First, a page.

Berger, however, suggested a tight timeframe based on the fact that the Biden administration will come into office on Jan. 20 and Iran will have presidential elections in mid‐June. He said that Germany wanted to “make some progress in the months ahead in order to move toward the compliance in the JCPOA. And then I would say work on an update, and in parallel we need to tackle the question of regional security… It is impossible to give you more details because I think we all need to discuss that first with the new US administration.”
If the timeframe for new negotiations with Iran was uncertain, there was a consensus that the region, especially the GCC states, should be involved in them in a meaningful manner. That involvement was absent in the negotiations leading to the JCPOA, despite the fact that the GCC states are potentially the most affected by Iran’s nuclear program.
They are also the most affected by its ballistic missile program and have been on the receiving end of its asymmetric war instruments.
Mere “listening” to the regional voices is not enough; some formal representation at the negotiation table may be needed so that, if an agreement is reached, there will be certainty that the regional parties are able to support it.
There was a consensus that the Joint Comprehensive Plan of Action as it stands is no longer enough as a basis for engagement and that GCC states should be involved in the talks.
Dr. Abdel Aziz Aluwaisheg
In addition to Gulf security, the Palestine question was another issue that dominated the discussions in Manama.
Speakers made the case for linking the two issues, as a fair resolution of the Israel-Palestine conflict would enable Israel to normalize its presence in the region and would deprive Iran of a pretext to meddle in Arab affairs. They all brought up the Arab Peace Initiative as the right basis for such a resolution. It stipulates full normalization with Israel in exchange for a peace deal with the Palestinians that includes a state of their own along the 1967 borders, with East Jerusalem as its capital.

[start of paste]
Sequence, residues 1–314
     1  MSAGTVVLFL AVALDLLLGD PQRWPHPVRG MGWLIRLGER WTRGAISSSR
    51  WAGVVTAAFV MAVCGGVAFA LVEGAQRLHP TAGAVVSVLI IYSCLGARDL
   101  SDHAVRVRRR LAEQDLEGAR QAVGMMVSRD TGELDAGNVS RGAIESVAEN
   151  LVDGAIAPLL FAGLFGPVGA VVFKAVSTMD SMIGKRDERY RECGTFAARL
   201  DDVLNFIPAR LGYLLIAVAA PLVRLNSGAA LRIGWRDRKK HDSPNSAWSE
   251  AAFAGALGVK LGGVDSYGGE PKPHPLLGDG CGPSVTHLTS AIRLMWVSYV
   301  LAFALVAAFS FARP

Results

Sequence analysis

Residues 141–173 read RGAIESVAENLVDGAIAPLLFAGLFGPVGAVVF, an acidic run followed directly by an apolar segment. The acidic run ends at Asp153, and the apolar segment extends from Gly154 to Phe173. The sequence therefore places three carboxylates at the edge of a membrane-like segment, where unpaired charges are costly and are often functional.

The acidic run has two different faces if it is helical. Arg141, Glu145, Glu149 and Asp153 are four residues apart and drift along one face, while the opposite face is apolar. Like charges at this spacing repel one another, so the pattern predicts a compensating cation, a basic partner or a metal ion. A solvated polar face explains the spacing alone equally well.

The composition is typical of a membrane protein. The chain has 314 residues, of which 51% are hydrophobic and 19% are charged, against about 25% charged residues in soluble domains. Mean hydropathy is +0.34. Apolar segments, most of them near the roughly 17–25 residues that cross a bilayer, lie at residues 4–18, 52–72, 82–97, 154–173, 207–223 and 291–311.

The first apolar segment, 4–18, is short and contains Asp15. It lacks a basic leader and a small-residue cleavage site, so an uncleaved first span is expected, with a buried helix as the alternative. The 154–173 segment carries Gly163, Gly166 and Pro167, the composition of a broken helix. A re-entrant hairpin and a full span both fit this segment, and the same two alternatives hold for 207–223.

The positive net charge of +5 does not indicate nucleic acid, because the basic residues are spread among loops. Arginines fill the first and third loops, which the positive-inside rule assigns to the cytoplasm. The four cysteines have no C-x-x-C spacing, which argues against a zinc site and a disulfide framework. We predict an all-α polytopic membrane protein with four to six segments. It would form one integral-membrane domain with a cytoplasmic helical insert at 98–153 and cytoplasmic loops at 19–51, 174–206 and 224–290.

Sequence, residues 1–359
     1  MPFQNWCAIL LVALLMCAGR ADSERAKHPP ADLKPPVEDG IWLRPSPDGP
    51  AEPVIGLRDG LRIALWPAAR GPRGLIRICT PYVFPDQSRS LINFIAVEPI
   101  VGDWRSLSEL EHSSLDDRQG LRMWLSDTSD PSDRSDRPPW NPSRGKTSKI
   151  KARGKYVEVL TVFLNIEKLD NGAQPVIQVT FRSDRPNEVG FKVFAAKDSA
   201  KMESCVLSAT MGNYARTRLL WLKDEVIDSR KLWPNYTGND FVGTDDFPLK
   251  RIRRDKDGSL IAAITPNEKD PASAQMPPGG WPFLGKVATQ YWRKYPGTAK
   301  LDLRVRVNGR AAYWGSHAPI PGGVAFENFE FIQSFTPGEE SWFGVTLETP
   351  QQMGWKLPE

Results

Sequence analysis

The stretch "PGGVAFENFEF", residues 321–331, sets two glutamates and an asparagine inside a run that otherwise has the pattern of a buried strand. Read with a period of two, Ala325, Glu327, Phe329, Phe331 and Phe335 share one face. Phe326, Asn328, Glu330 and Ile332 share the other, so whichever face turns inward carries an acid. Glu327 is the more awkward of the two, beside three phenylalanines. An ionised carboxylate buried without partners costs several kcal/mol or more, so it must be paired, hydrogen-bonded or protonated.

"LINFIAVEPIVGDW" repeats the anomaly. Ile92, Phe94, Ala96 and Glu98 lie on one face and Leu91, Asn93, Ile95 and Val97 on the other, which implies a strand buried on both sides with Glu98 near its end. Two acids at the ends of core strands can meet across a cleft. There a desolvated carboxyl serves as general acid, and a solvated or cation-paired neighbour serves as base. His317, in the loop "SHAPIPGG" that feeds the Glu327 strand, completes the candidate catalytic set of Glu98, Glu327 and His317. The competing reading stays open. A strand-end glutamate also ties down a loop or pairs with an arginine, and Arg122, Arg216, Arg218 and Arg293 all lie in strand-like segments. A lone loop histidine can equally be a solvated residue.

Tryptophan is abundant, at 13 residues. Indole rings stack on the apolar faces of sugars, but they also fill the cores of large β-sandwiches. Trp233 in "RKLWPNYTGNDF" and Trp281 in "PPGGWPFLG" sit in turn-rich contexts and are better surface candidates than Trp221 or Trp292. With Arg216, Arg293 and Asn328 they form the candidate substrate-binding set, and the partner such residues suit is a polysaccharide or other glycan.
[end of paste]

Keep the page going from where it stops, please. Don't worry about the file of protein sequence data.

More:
The Palestine discussions registered the most animated exchanges in the otherwise sedate event. Prince Turki, in particular, lambasted Israel for its long history of mistreatment of the Palestinians, which he went into in some detail, and the Israeli interlocutors appeared to be taken aback.
Israeli Foreign Minister Gabi Ashkenazi tried to appear more conciliatory and less triumphalist than Prime Minister Benjamin Netanyahu, but he could not offer anything more than a readiness to talk with the Palestinians, while not addressing any of the substantive issues raised by the GCC speakers.
The Palestine discussions may have disabused the Israeli participants of the notion that normalization would take place at the expense of the Palestinians, as GCC speakers made it clear that was not the case.